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A melodic landscape takes its cue from music


IT IS NOT SURPRISING that Melissa Jordan Gray compares her La Jolla garden’s design to a musical arrangement.

As a musician and composer, she equates plants and hardscape to an ensemble of instruments.


“Design has a lot of similarities to music. You are working with a framework, a tempo, a palette; and there are themes moving throughout,” she says. “When I think about people visiting our house and coming through that first walkway, I very much think about it as a four-bar introduction. The house is intentionally nondescript on the outside. The orchestra is very quiet; perhaps it’s warming up as you come up the driveway. As you proceed down the walkway, you get a small taste of what’s to come, a four-bar intro of sorts. And when you open the door — boom! — that first measure hits. That’s when you see what is revealed on the other side through a huge window to a courtyard, a garden and a pond.”


When it came time to redo the back yard, finding a landscape designer who understood this conceptual aesthetic was important to Melissa. Christiane Holmquist fit the bill.


“Melissa is artistic and detail oriented, and she pushed me to new heights,” Christiane says. “She has an artist’s love of beautiful details, and she was very much involved in the selection of materials and furnishings, while I chose the plants.”


One of the first plants selected, bamboo, was needed for screening. The catalyst for redeveloping the back yard was the remodel of the 2,500-square-foot ’60s ranch house next door. When it became a 10,000-squarefoot residence with an attached 30-foot-wall, Melissa and her husband, Tudor, realized it was time to redesign the landscape away from the glaring wall.


“Melissa and Tudor were very concerned,” Christiane says. “At that time, they were both still working at home on the second floor, and they were confronted by that looming wall daily.”


On trips to North County to explore hidden gardens in a community of bamboo growers, Melissa and Christiane were awestruck by the very black Bambusa lako and the almost turquoise sheen of Bambusa chungii, which was similar in color to the patinaed copper on the house eaves.


“For harmony, we repeated materials in the back yard that existed in the front and in the house, like the architecture’s patinaed copper accents,” Christiane says. “They inspired the naturally rusted-steel containers, plant troughs, fountains, edging and fence caps.”


The front yard’s medley of concrete mixed with exposed aggregate and flagstone also is echoed in the back yard.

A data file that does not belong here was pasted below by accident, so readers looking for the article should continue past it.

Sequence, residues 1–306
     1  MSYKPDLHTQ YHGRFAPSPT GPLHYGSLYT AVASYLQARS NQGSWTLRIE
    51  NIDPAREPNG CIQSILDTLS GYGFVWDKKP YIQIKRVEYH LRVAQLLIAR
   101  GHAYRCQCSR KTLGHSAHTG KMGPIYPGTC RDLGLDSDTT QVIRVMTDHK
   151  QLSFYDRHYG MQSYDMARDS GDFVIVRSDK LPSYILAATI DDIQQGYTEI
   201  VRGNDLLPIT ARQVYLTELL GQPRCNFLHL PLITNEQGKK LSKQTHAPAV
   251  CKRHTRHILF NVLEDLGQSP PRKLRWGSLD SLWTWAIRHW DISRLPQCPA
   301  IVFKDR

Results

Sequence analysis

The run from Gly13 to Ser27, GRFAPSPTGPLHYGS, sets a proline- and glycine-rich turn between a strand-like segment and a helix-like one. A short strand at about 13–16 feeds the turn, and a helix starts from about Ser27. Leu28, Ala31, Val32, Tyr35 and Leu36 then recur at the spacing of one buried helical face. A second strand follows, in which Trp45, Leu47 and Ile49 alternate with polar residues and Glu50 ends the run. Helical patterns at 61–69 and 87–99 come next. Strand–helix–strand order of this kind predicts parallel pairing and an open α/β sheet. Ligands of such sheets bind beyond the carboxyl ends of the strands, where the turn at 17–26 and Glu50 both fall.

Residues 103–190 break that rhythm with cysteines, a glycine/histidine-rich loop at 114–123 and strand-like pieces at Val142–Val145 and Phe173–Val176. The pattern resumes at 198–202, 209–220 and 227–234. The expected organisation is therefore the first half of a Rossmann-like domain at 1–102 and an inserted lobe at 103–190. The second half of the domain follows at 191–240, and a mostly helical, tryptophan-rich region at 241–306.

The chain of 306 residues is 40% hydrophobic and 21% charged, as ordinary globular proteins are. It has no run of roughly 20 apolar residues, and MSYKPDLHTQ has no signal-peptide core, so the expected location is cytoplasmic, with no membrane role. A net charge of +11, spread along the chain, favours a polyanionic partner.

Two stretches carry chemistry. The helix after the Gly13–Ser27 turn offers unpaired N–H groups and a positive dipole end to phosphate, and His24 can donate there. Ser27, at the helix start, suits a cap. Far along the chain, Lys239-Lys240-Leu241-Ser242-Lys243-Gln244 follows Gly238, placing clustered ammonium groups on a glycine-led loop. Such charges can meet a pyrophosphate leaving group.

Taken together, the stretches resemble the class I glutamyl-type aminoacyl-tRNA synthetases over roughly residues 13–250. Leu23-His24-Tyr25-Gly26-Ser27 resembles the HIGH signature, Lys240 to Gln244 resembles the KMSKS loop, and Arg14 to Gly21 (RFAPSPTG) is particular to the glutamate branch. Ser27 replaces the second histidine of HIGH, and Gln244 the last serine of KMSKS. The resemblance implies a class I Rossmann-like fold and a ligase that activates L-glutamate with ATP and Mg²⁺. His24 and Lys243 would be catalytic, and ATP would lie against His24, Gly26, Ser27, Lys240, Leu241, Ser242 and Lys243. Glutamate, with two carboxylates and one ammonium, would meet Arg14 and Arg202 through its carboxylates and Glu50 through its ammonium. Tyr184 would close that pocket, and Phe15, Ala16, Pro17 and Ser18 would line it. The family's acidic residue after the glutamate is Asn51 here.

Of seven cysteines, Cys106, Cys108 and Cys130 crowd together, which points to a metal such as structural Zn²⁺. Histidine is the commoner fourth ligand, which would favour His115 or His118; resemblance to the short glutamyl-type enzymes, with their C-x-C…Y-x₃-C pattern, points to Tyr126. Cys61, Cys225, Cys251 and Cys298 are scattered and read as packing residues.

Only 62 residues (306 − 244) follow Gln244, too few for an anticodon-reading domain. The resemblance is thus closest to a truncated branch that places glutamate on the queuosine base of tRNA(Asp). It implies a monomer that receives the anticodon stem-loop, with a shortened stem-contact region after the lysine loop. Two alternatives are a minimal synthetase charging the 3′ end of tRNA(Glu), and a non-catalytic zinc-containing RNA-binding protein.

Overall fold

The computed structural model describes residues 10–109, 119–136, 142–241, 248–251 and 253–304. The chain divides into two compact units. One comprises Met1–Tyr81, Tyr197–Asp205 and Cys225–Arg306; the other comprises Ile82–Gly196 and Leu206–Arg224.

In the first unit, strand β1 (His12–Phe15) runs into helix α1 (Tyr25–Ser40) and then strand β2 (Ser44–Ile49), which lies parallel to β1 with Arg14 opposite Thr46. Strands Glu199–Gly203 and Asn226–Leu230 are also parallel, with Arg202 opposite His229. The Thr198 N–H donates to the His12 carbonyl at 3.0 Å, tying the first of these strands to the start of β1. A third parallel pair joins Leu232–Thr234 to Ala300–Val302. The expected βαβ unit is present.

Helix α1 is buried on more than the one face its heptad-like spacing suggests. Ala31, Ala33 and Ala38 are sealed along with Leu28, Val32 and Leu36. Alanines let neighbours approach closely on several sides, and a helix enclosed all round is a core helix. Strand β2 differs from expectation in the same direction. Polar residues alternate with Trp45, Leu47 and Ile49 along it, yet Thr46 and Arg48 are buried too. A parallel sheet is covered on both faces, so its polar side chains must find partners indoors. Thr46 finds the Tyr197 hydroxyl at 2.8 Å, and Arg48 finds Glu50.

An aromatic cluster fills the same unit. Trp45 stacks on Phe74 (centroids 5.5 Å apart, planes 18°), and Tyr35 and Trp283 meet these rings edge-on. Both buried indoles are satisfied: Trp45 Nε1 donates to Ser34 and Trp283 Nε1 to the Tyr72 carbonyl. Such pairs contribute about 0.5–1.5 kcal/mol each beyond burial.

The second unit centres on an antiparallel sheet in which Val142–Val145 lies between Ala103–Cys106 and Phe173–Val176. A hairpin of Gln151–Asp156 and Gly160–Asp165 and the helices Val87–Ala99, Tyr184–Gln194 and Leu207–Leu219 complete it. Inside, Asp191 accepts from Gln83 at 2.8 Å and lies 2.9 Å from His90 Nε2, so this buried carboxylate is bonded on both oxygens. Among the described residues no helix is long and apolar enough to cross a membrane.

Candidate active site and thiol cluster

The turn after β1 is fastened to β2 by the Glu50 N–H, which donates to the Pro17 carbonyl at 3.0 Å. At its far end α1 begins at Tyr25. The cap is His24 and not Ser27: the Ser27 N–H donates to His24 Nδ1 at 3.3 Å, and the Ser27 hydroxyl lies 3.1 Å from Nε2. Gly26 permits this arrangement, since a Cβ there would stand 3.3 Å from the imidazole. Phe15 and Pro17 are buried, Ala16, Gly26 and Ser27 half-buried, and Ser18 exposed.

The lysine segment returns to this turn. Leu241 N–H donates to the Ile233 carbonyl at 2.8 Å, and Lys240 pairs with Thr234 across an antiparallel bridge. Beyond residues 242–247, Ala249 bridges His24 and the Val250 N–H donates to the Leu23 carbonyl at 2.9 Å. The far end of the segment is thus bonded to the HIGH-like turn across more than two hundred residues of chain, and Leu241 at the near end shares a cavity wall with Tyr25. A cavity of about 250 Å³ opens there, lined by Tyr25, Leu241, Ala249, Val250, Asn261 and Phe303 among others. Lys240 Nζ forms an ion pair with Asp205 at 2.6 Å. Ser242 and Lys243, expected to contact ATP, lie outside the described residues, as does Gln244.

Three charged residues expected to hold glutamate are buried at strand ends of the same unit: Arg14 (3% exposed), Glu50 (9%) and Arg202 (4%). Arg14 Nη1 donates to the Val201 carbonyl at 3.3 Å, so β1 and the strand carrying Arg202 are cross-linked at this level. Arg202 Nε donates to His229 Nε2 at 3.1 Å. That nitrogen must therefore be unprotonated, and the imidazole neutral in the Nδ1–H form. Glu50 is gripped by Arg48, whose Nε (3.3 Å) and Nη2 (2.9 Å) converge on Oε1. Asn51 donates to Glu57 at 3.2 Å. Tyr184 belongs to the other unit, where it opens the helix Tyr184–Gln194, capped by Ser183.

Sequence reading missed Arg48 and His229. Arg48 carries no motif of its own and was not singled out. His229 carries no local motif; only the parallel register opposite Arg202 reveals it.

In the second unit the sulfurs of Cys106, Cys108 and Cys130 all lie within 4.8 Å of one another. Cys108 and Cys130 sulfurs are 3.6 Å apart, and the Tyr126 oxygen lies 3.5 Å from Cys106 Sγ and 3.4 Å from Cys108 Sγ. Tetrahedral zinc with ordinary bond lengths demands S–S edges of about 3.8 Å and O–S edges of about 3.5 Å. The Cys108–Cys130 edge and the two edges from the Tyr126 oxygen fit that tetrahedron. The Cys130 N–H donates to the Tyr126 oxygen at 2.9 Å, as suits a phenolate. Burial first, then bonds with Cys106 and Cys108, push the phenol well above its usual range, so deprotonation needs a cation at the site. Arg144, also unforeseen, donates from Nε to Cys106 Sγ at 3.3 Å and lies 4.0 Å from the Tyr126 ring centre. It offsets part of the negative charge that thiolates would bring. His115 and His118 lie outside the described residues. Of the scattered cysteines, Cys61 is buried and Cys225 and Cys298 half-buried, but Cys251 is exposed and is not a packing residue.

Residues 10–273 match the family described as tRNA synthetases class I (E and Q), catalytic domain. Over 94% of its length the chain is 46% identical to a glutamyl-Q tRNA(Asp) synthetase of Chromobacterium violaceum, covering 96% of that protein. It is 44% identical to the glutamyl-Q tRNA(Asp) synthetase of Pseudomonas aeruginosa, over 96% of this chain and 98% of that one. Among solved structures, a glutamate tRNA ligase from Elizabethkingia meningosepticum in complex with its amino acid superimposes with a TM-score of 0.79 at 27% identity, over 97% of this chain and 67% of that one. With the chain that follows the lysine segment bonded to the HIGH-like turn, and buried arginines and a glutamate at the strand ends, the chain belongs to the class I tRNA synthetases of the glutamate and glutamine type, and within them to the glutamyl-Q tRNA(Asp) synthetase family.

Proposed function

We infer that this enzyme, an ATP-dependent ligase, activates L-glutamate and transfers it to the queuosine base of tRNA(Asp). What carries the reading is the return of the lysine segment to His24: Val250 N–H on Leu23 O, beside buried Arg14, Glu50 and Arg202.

“Concrete walkways in front and back are Mondrian patterned,” Melissa says. “Instead of a grid or a brick type of pattern, the Mondrian pattern features random squares and rectangles that go at 90 degrees here and there.”


The back yard’s design was imagined as rooms. The home’s shape and the pool influenced the design’s rectangular layout. The main entertainment areas consist of a living room, a kitchen with bamboo cabinets and a dining room with two triangular shade sails placed at different angles for interest. To distinguish the living room from the rest of the areas, Christiane raised it by 6 inches and placed it within a rusted-steel frame filled with pebbles. There also are two seating areas, one on either end of the pool, and a hammock/lounging area.


“We inherited the early ’80s pool and spa, but there wasn’t the budget to dig a new pool,” Melissa says. “Instead, we took what existed and reimagined it. On the steps, we used pebbles with little pieces of abaloneshell flecks that glint and sparkle. There’s also 1-by-3-inch glass tile in a vertical runningbond pattern to match the larger glass tile in the indoor shower. The pool coping is tinted concrete laid out in interlocking rectangles like the walkway.”


Most of the original, overgrown tropicals were removed and replaced by lowmaintenance, drought-tolerant plants, including many succulents and bromeliads.


“Melissa loves purple, chartreuse and dark colors, so I used variegated carex as an evergreen hedge,” Christiane says. “In order to provide an elegant, long-lived and vibrant plant scheme, I used mostly plants with interesting and colorful foliage like [Cercis canadensis] ‘Forest Pansy,’ echeveria and aeonium, purple Dracaena australis and the terrestrial bromeliad Aechmea blanchetiana. These plants have a strong presence in the garden throughout the year. Perennials and flowering shrubs add seasonal color.”


A small expanse of lawn gives the illusion of depth. But because Melissa is highly allergic to many species of grass, they chose ‘UC Verde’ buffalo grass, a low-water variety that needs mowing only once or twice a year.


“When you listen to a good piece of music, you should listen to it several times; and you should make a new discovery every time you hear it,” Melissa says. “That’s the way this garden works. The first time you visit, you experience one thing. The next time, you experience something else. There is this great opportunity, creatively, for discovery. There is something fabulous about getting to experience this every day.”


Gardens: By Eva Ditler • Photography by Martin Mann

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Perhaps it’s because the “cottage” with the wavy, cedar-thatched roof on the cover of our July issue looks like it could be the home of Snow White and the Seven Dwarfs that I was immediately intrigued by a press release I received this week.

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